# EcoBeaker: Barnacles and Tides

In: Science

Submitted By xoxobritt33
Words 698
Pages 3
Exercise 1:
3.1 – Which barnacle species ranges into the warmest water? Chthamalus montagui
4.1 – On average, how many high and low tides will a given spot on the coast experience in a day, and why? A given spot on the coast will experience two high and two low tides each day. High tide occurs when the Moon and Earth are facing towards each other and away from each other. Low tide occurs when the Moon is facing the Earth at 90˚ and 270˚.
4.2 – What is spring tide and when does it occur? Spring tide is when the Earth, Moon and Sun are directly aligned. This occurs at new moon and full moon. The gravitational forces caused by the Sun are parallel to those of the moon. This creates a very high tide and a very low tide. This occurs about every two weeks.
4.3 – What is a neap tide and when does it occur? At half moon, the Moon and the Sun are at right angles from each other relative to the Earth. The gravitational pull of the Sun is perpendicular to that of the Moon and the ocean water is evenly distributed. This occurs about every two weeks.
6.1 – How many high and low tides are there each day? There are two high tide and two low tides each day.
7.1 – What is the height of each of the following in your study area?
Spring high tide: 4.7 m
Spring low tide: 0.5 m
Neap high tide: 3.5 m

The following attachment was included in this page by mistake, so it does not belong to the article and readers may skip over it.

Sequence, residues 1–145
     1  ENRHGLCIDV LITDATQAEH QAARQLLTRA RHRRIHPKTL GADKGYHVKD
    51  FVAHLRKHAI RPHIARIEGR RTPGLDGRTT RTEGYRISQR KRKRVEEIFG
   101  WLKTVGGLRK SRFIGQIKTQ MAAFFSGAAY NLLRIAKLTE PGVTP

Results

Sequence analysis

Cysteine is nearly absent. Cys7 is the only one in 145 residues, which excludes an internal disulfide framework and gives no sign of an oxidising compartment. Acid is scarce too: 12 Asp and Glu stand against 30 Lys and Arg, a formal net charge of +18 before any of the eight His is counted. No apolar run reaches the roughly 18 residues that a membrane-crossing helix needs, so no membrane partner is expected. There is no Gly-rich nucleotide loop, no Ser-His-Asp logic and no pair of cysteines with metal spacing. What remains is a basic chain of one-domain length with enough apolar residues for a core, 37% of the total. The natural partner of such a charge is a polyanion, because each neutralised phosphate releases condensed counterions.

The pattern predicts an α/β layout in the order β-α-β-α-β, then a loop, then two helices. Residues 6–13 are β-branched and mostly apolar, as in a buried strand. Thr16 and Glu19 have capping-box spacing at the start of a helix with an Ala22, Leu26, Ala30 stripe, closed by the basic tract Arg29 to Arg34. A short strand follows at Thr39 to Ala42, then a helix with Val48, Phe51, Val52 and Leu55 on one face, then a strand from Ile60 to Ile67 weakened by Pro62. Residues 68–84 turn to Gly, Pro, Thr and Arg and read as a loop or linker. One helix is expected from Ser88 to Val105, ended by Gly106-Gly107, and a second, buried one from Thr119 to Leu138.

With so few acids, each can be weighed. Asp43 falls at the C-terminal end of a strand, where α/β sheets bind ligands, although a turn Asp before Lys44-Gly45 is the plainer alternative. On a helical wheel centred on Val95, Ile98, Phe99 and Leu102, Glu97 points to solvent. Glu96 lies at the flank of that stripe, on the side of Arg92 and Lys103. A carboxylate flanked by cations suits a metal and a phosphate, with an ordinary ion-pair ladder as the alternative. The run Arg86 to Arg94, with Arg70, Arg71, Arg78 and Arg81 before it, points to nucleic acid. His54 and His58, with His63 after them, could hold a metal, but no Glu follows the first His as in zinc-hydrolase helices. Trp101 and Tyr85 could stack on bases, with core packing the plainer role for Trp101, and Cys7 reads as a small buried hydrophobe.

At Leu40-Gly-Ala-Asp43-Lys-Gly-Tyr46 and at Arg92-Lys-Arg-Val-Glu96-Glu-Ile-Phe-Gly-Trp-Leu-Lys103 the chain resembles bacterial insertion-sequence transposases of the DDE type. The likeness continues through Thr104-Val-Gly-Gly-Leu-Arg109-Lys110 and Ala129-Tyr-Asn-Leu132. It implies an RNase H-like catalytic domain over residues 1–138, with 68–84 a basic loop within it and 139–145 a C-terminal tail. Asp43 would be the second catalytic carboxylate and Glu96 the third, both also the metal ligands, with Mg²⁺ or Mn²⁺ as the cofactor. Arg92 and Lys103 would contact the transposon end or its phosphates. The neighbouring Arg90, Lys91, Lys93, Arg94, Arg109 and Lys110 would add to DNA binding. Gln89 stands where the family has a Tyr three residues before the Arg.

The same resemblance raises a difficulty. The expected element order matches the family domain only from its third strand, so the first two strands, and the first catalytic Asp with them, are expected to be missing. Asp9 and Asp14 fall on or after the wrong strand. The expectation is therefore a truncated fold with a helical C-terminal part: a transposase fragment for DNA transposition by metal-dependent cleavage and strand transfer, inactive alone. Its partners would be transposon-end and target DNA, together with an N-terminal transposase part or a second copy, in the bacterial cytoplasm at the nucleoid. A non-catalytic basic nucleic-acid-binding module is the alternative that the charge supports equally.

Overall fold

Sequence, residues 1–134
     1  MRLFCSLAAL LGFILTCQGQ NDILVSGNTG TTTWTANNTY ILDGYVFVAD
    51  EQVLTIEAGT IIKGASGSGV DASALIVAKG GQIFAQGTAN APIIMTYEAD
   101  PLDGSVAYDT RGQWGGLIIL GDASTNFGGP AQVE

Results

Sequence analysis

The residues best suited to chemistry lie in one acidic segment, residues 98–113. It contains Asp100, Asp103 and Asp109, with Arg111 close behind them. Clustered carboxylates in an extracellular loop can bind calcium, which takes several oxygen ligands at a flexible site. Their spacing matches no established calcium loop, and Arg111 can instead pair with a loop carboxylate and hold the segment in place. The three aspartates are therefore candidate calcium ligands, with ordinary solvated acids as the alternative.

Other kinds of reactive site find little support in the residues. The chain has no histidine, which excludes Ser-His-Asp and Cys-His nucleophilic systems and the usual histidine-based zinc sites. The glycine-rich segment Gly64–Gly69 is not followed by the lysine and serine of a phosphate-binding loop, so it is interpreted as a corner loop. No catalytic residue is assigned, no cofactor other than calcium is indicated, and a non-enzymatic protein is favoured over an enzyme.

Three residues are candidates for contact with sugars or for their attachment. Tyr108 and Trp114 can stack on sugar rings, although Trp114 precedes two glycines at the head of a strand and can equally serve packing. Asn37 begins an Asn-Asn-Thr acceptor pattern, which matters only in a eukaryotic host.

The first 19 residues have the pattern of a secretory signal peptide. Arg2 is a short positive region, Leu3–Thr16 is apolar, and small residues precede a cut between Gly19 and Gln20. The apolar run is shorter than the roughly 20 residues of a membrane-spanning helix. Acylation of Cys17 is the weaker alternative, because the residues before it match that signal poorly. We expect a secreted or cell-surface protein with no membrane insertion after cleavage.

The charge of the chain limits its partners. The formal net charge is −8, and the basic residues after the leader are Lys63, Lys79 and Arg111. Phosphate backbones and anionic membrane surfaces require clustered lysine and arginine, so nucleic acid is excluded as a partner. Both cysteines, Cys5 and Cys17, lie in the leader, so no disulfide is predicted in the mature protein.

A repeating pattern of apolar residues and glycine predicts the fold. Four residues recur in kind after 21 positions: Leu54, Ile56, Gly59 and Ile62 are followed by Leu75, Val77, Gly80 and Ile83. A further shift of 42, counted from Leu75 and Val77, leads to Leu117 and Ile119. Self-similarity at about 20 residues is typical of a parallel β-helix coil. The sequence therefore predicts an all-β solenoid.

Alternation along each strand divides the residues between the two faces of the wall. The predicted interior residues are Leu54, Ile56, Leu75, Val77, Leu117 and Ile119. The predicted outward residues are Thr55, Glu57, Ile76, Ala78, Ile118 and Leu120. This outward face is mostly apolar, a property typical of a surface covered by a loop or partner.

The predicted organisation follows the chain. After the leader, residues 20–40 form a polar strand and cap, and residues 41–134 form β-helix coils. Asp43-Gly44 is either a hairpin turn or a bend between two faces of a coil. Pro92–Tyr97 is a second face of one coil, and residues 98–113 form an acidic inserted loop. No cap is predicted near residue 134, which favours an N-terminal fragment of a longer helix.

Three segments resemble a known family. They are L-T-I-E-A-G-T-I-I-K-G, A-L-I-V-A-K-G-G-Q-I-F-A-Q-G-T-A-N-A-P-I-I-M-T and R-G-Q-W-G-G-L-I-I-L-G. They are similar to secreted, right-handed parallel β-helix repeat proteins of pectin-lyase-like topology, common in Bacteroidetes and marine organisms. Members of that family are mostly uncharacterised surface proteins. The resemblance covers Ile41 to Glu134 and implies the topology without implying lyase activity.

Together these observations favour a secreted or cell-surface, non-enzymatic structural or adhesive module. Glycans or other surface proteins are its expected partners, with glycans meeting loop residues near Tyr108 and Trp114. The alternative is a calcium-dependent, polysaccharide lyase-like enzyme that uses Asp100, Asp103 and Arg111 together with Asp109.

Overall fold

Neap low tide: 2.0 m
7.2 – If you are an organism that must remain submerged at all times, what is your maximum height on the rock? Explain. If you must be submerged at all times, the maximum height the organism can live on the rock is 0.5 m. This is the lowest low tide that occurs and being at this level will ensure to obtain the most amount of water and the least amount of air.
7.3 – During approximately which days in the 14-day tide cycle do organisms living low on the rock experience their greatest potential exposure to air? Explain. At day 4...

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...SimBio Virtual Labs® EcoBeaker®: The Barnacle Zone NOTE TO STUDENTS: This workbook accompanies the SimBio Virtual Labs® The Barnacle Zone laboratory. Only registered subscribers are authorized to use this material. Laboratory subscriptions may not be shared or transferred. Student’s Name: _________________________________ Signature: __________________________________ Date: __________________________________ This and other SimBio Virtual Labs® are accessible through SimBio’s SimUText System®. . SimBio Virtual Labs®: EcoBeaker® The Barnacle Zone Background When we tell our kids about different species and where they live, we naturally start talking about weather and the physical environment. Camels are adapted to life in the desert and can go a long time without water. Polar bears live in the Arctic and are adapted to cold with their thick layers of insulation. A polar bear wouldn’t be very happy in the desert, and a camel would have a hard time in the Arctic (though a herd of camels pulling a sled over the ice is an amusing image). The underlying idea is that in order to be adapted to one environment, you necessarily give up the ability to live in other environments. But is this true for most species? Do species live where they do primarily because of their adaptations to the physical environment, or might the other species in the environment also be important? The intertidal zone of rocky coastlines makes an interesting natural laboratory in......

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